Canada Lists New Security Threat at Its Airports: Fruitcake

MONTREAL

With all the talk about the need for more advanced security systems at airports, there’s something that may have been off the radar screens of security technology developers: Fruitcake. However, the unpopular holiday gift has become unpopular with Canada’s airport security authority, which calls it a security threat.

The Canadian Air Transport Security Authority (CATSA) has added fruitcake to the list of items to be confiscated at security checkpoints that includes scissors, switchblades and toy guns according to CTV. The move has nothing to do with fruitcake’s scorned reputation as much as it has to do with the fact X-ray machines can’t see through the holiday desert.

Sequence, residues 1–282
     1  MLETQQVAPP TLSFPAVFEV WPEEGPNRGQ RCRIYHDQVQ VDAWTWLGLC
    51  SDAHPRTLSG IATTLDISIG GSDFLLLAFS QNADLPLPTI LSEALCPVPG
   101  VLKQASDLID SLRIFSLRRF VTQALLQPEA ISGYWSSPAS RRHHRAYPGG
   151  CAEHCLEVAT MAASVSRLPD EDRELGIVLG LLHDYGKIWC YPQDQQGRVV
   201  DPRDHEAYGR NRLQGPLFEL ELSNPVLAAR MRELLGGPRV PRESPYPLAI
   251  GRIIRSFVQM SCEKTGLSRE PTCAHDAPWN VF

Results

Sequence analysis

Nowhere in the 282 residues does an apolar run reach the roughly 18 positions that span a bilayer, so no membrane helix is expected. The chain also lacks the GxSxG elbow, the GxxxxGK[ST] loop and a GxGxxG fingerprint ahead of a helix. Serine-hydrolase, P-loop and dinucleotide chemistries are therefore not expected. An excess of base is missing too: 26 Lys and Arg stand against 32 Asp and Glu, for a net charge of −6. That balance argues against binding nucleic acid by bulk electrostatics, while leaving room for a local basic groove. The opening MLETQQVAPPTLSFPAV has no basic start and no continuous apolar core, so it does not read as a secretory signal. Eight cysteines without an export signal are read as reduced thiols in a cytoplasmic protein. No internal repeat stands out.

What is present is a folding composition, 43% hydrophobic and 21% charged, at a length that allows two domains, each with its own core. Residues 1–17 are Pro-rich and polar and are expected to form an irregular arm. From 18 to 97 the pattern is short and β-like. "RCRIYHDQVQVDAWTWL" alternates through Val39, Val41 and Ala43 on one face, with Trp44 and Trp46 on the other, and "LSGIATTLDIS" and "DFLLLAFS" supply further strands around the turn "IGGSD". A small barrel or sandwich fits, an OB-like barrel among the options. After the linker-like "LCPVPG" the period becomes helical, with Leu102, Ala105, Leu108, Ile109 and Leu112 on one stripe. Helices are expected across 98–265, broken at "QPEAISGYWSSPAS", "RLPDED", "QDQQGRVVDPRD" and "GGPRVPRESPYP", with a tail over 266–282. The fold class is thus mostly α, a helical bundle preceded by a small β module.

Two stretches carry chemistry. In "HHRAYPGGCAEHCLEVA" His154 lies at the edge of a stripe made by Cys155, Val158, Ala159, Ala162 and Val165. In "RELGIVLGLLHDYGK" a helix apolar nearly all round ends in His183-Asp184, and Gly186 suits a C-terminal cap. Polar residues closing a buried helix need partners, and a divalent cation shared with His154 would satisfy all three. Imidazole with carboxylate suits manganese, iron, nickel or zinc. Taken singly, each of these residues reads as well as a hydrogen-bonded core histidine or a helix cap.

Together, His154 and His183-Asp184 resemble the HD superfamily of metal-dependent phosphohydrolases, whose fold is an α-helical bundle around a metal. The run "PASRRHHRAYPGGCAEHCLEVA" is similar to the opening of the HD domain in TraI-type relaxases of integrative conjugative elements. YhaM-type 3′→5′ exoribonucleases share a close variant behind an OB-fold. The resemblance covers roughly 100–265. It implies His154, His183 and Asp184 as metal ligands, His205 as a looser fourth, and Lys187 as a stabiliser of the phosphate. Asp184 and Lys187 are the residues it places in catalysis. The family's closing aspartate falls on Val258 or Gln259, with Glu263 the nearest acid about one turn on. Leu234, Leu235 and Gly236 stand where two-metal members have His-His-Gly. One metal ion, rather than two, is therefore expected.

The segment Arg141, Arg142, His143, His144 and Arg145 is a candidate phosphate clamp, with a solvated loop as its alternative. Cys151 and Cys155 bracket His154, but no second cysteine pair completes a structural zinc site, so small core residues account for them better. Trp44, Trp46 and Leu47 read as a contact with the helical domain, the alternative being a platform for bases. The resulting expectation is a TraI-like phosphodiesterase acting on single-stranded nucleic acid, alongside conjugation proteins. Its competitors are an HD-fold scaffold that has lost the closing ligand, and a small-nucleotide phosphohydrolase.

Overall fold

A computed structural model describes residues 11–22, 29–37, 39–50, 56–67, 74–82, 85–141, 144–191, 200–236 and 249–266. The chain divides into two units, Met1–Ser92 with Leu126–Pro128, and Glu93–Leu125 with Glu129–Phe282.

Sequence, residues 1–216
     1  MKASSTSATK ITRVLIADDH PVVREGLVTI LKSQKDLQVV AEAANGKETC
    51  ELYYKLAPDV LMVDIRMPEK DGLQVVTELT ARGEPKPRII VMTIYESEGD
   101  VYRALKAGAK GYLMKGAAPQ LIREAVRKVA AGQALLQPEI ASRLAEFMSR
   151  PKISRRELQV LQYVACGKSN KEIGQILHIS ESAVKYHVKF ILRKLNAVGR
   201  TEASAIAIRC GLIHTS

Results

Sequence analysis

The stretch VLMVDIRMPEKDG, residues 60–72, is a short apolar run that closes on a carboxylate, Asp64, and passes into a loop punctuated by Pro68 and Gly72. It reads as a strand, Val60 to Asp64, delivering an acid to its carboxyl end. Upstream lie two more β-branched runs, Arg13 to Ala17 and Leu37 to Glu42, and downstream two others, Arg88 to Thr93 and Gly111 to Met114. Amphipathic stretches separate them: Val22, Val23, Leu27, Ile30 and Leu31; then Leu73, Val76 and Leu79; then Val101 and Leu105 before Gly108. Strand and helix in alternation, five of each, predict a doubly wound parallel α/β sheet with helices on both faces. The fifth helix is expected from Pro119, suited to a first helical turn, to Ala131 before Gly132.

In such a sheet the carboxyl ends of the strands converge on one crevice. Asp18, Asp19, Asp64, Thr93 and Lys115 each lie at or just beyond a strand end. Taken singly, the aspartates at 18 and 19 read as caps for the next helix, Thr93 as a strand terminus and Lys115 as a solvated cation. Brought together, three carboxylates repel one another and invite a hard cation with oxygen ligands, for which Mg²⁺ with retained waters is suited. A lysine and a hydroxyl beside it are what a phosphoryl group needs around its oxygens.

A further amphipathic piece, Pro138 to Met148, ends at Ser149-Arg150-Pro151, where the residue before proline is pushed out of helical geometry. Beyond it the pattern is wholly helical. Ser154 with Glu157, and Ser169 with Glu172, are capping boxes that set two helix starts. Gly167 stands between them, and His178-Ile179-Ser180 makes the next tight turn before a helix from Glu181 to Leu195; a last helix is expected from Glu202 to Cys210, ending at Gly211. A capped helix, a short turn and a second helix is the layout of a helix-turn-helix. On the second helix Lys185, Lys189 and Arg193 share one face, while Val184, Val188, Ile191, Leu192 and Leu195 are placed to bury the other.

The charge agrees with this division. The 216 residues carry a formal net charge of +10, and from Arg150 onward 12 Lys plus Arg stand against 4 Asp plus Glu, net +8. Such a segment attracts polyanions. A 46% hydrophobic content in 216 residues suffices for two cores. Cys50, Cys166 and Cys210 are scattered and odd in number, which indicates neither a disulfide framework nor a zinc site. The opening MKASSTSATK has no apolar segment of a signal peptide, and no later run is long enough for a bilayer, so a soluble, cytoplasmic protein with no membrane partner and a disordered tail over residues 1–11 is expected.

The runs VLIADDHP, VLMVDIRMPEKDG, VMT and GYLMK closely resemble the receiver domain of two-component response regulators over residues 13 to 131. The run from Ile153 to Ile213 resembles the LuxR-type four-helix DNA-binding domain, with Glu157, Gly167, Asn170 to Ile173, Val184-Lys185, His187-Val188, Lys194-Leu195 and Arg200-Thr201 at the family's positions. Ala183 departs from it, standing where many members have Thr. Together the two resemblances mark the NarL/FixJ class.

Security officials fear fruitcakes could be used to hide weapons. “I guess you would be wondering why we have something against fruitcakes,” CATSA president Jacques Duchesneau told a news conference Dec. 10, holding a fruit cake aloft. “When seen through an X-ray machine, it might represent something we might need to check. It’s very dense. We don’t take any chances.”

The Transportation Security Administration (TSA) in the U.S. hasn’t chimed in on fruitcake, though it is not on its current prohibited that was last updated on Dec. 2.

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